A roundup of our favorite tax fraud cases.

Charleston, S.C.: A federal court has permanently barred preparers Latasha Failey and her sister Latoya Windham from preparing federal returns for others.

According to a civil complaint, Failey and Windham prepared federal income returns in North Charleston from 2009 to 2012, continually and repeatedly preparing returns that claimed false deductions or credits to understate clients’ tax liabilities.

The defendants falsely claimed education credits, child and dependent care credits, itemized deductions and dependency exemptions, according to the complaint. In 2013, Failey and Windham each pleaded guilty to two counts of aiding and assisting in the preparation and presentation of a false income tax return and were sentenced to prison and probation, respectively, the complaint states.

The court’s order also requires the sisters to give the federal government a list of all of their prep clients since Jan. 1, 2013.

Birmingham, Ala.: Preparer Donald E. Steele, 41, has been convicted for assisting in the preparation of false returns and tampering with a witness the IRS contacted to question about returns Steele prepared.

He was convicted on five counts of assisting in the preparation of a false federal income tax return in 2010 or 2011, and on one count of witness tampering in 2011.

At the time, Steele operated Max Tax, a tax prep business owned by his wife. According to evidence, Steele made false claims and fabricated deductions on federal returns for three different taxpayers. Multiple taxpayer witnesses testified that they were not given a copy of their prepared return.

When investigators later presented them their returns, they saw fraudulent claims that included false filing statuses, false dependents, false itemized expenses including medical and dental deductions and charitable contributions, false business expenses and deductions, and false disability claims and education expenses and credits.

The jury found Steele guilty of tampering with a witness for whom he had prepared a fraudulent 2010 return. The woman testified that she tried unsuccessfully many times to get a copy of her return from Steele, but once the investigation began, he showed up at her workplace and handed her a $200 check, which she considered a bribe not to talk to the IRS.

The maximum sentence for aiding in the preparation of a false federal income tax return is three years in prison and a $250,000 fine; the maximum for witness tampering is 20 years in prison and a $250,000 fine.

Placerville, Calif.: Preparer Teresa Marty, 56, of Pollock Pines, Calif., and owner of Advanced Financial Services, and two of her employees have pleaded guilty to charges related to filing more than 250 false claims for refunds.

Marty pleaded guilty to conspiring to file false claims for refund and conspiring to defraud the IRS. On August 24, Pamela Harris, Marty’s office manager, and Rebecca Bandera-Marty, a California certified preparer, pleaded guilty to one count of conspiring to file false claims. The three were indicted in June 2013 along with co-defendants Charles and Victoria Tingler. The Tinglers, who were clients, pleaded guilty to filing false claims in the spring of 2015 and will be sentenced in November.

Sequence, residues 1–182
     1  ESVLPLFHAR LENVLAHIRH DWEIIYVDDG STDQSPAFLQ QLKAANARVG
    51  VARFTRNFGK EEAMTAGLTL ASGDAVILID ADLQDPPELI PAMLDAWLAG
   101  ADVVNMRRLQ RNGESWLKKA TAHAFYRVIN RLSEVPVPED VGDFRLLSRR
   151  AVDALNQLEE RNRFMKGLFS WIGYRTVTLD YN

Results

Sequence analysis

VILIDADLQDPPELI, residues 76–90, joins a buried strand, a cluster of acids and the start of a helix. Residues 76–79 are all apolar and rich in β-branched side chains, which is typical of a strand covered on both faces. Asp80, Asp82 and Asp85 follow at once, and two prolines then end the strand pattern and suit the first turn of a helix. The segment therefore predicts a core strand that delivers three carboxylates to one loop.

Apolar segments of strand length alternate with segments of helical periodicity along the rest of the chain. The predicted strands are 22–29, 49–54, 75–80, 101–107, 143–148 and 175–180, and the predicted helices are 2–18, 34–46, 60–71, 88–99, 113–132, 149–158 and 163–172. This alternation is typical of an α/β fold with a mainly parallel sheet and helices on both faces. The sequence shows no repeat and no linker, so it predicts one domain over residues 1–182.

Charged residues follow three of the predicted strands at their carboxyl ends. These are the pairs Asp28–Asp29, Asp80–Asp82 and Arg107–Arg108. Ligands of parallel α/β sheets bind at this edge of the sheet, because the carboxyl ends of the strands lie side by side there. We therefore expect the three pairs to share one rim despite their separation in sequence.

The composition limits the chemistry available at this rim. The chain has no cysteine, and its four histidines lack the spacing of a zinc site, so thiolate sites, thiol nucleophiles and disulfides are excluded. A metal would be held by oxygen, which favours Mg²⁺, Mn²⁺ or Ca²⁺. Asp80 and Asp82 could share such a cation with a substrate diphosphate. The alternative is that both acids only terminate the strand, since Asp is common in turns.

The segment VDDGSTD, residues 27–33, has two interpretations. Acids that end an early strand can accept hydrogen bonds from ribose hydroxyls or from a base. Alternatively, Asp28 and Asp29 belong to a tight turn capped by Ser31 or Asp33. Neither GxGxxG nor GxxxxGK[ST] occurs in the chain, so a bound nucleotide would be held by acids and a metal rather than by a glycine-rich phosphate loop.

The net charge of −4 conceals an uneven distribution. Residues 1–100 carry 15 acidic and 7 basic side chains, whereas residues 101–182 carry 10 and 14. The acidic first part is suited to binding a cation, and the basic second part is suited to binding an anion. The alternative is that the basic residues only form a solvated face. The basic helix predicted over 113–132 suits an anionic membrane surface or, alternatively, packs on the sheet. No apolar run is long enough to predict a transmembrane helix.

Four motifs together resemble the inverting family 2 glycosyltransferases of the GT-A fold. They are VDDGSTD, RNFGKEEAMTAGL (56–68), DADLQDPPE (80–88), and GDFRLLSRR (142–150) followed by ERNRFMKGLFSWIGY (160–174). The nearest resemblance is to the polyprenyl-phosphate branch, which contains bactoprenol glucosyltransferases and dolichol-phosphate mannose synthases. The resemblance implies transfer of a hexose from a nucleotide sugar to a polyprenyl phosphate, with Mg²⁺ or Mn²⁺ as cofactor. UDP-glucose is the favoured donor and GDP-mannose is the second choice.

Marty, Harris and Bandera-Marty admitted that they conspired to file false individual income tax returns claiming more than $60 million in false federal refunds. Marty and Harris recruited clients by falsely representing that the clients could legally receive sizable refunds by filing returns with 1099-OIDs. AFS prepared false 1099-OIDs that reported an amount equal to the clients’ debts as income and the same amount as income tax withheld, resulting in significant undeserved refunds.

The scheme included clients from 26 states and caused the IRS to pay out more than 40 refunds, totaling more than $9 million.

Marty also admitted that she and the Tinglers, with the help of Harris, filed multimillion dollar liens against government officials, including three IRS employees who were involved in the collection of taxes the defendants owed the IRS as a result of participating in the scheme.

Marty filed $84 million in liens against the then-acting U.S. Attorney for the Eastern District of California and a former Department of Justice Tax Division attorney involved in filing the suit to permanently enjoin Marty and AFS from preparing returns. The liens filed with the California Secretary of State unlawfully disclosed personal ID information of the government employees. Harris and Marty also engaged a commercial collection agency to collect one of the three false liens that Charles Tingler filed against an IRS revenue officer for $500,000.

Clients of AFS have been prosecuted in Arizona, Colorado, Florida, Georgia, Missouri, Oregon and Washington for filing the false claims prepared by Marty and AFS.

Marty’s sentencing is scheduled for January 4; she faces a maximum of 15 years in prison, a term of supervised release and monetary penalties. Bandera-Marty is scheduled to be sentenced on November 16 and Harris on January 4. They each face a maximum of 10 years in prison, a term of supervised release and monetary penalties.

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